Lens Care Best Practices This patient generally follows contact lens care best practices, but I emphasize the importance of rubbing and rinsing her lenses every time they are cleaned and replacing the lens case monthly. The contact lens case should be rinsed daily with care solution, not tap water, which is not sterile and can contain Acanthamoeba and other microbes (Shoff et al, 2008), Even with proper daily rinsing, monthly replacement of the contact lens case should be part of the lens care routine. Studies have shown that within 1 month, between 68 percent and 100 percent of contact lens cases become contaminated with bacteria and other microorganisms (Lakkis, 2006; Vincent, 2007).

Contact Lens Care Solution This patient may also benefit from a change to a lens care solution that contains a humectant, such as hyaluronan. Using rewetting drops on an as-needed basis can also provide extra lubrication during the day.

If Symptoms of Dryness Persist In this case, clinical signs were fairly normal, with the exception of slight redness; however, if these changes in the patient's routine do not improve her symptoms, I would consider prescribing a different contact lens, such as a silicone hydrogel lens (if she is currently wearing a hydrogel lens) or a Proclear lens (CooperVision), as these lenses dehydrate less than other types/brands (Schorner, 2010). I would also recommend a full workup for dry eye disease.

Validated questionnaires are available to assess dry eye symptoms, (International Dry Eye Workshop, 2007c) and complete descriptions of available diagnostic tests and questionnaires are included in the 2007 report by the International Dry Eye WorkShop (DEWS), which is available through the Tear Film and Ocular Society website (

Follow-up Visit In this hypothetical scenario, the patient's symptoms resolved after she resumed proper lens care procedures, including rubbing and rinsing lenses before storage each night. The use of a multipurpose lens care solution containing a natural wetting agent and rewetting drops on an as-needed basis have also helped to alleviate discomfort.

At work, the patient takes periodic breaks from looking at the computer screen, and although she feels awkward stopping work, she notices that her eyes seem less strained. The patient agrees to begin discarding lens cases every month.

Lens Care Best Practices

I remind patients of the optimal protocol for lens care routines. Specifically, I recommend the following:

1. Wash your hands thoroughly with soap and and water and then rinse completely to remove all soap residue. Soaps without oils or lotions are best to avoid a buildup of residue on your hands, which may coat your lenses and cause discomfort. The clean towel used to dry your hands should also be used to turn off the water to prevent contamination from the faucet handles.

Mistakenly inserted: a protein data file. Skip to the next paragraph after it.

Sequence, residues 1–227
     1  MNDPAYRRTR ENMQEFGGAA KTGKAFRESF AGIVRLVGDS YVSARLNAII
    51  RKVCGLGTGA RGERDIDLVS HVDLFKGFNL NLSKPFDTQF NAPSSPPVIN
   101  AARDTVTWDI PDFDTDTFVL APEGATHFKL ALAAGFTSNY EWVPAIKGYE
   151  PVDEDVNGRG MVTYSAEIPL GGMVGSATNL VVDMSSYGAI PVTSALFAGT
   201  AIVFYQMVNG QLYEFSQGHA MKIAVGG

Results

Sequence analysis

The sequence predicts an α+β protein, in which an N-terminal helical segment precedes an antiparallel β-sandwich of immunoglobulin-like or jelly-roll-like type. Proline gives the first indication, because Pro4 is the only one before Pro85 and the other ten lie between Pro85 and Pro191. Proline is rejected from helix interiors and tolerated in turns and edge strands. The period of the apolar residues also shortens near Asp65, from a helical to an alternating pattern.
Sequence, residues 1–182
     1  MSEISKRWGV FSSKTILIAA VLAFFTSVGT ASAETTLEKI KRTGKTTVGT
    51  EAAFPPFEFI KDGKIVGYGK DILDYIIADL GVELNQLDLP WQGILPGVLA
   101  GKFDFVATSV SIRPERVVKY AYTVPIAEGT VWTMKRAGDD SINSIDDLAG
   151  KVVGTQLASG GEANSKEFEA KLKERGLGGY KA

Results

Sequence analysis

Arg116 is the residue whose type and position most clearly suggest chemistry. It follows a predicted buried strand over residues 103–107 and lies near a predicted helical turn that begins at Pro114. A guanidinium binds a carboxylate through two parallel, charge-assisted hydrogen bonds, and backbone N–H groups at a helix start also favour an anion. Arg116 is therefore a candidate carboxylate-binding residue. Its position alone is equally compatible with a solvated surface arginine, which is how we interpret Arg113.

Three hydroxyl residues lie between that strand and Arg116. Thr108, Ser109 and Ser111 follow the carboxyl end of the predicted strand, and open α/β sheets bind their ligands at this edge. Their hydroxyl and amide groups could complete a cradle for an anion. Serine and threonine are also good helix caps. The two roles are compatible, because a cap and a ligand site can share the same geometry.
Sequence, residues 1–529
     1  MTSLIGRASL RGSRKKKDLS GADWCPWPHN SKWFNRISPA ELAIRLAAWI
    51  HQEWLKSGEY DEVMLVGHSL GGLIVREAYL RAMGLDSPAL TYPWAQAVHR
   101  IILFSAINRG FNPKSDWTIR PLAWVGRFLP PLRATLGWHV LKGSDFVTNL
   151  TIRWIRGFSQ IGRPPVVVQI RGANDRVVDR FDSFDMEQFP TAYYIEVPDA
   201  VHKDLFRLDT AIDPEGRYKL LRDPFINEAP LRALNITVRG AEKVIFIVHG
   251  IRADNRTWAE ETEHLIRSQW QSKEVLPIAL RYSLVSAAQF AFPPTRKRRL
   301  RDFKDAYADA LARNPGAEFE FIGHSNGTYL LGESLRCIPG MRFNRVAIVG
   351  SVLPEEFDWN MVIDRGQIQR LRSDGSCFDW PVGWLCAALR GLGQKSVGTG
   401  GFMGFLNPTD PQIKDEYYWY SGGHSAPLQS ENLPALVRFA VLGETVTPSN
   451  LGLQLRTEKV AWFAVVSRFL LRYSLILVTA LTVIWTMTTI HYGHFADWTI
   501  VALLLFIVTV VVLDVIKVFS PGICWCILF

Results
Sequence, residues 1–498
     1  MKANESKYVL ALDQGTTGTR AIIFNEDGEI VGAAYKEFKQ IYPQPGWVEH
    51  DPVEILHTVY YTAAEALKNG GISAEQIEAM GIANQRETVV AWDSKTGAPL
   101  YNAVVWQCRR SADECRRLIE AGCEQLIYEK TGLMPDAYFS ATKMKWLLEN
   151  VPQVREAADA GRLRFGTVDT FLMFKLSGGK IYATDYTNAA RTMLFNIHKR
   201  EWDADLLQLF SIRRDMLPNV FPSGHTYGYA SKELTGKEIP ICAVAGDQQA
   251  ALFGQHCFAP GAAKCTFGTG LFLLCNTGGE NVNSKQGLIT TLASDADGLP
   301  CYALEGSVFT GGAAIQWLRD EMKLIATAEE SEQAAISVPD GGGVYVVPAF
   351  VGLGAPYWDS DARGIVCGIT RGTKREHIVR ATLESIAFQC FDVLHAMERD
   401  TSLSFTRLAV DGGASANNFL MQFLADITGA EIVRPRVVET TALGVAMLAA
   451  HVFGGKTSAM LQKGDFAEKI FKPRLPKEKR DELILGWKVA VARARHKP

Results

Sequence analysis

2. Before storing your lenses, remove debris by rubbing and rinsing them with a lens cleaner or MPS, even if the disinfection product is labeled "no-rub." (No-rub solutions require a 5-second rinse for each lens surface, but I have found that most patients do not complete this part of the lens care regimen.)
3. Always store your lenses in fresh MPS. Do not top off the solution in the case.
4. Cover your lenses completely with solution in the case to disinfect all surfaces.
5. Do not use saline for lens storage. Saline should be used only to rinse lenses, because it does not have disinfection capabilities.
6. Between uses, thoroughly rinse your contact lens case, including the underside of the lids, with the MPS, not tap water. Allow the case to air dry with the case lids off.

Ophthalmic Products

Comfort is a common issue with contact lens wear because of the effect of the lenses on the tear film and also because of patients' reactions to contact lens care solutions, which can vary from patient to patient. It is imperative that we stay up to date on the latest developments for these products so we can formulate effective treatment plans to address each patient's needs.

A growing trend in contact lens care and lens use is the development of products based on the composition of ocular structures. Both hyaluronan (HA; an endogenous lubricant found in eyes and other parts of the body) and a pH range between 7.3 and 7.7 help maintain a healthy environment in the human eye. Recent ophthalmic products have incorporated these features in an effort to not only provide some of the benefits of natural tears, but to do so in a manner that is not foreign to the eye. These features were viewed as effective in a study of 392 contact lens patients who switched to a bio-inspired MPS (Merchea et al, 2010).

Impact of Lens Care on Comfort

In my experience, many patients see their contact lens care solutions as only storage solutions. As eyecare practitioners, we can help patients increase their success with contact lens wear by educating them on the other benefits of proper lens care. The fact that clean lenses are more comfortable at lens application and at the end of the day can be a strong motivation for adhering to lens care best practices.

To summarize, if contact lens wearers are experiencing discomfort, the first step toward determining the cause of the irritation is to discuss the patient's symptoms, lens care routine and daily vision needs. Possible strategies for resolving the problem may include reminding patients of the value of adhering to the prescribed lens care regimen and addressing any obstacles that prevent adherence. Switching to a different lens care product and possibly adding lubricating drops to the lens-wearing routine may be beneficial.

Providing the best vision possible is just the first step toward a positive lens-wearing experience. Making specific recommendations for care products and providing education about lens cleaning routines will help ensure long-term satisfaction. CLS

For references, please visit and click on document #193.

Dr. Anderson is in private practice in Tampa, Fla., and he is director of the Contact Lens Clinic at the Department of Ophthalmology, University of South Florida College of Medicine. He is a Fellow in the American Academy of Optometry and a Diplomate in Cornea and Contact Lenses He has worked as an advisor or consultant to Bausch +Lomb and Ciba Vision. Editorial and content assistance for this article were provided by BioScience Communications.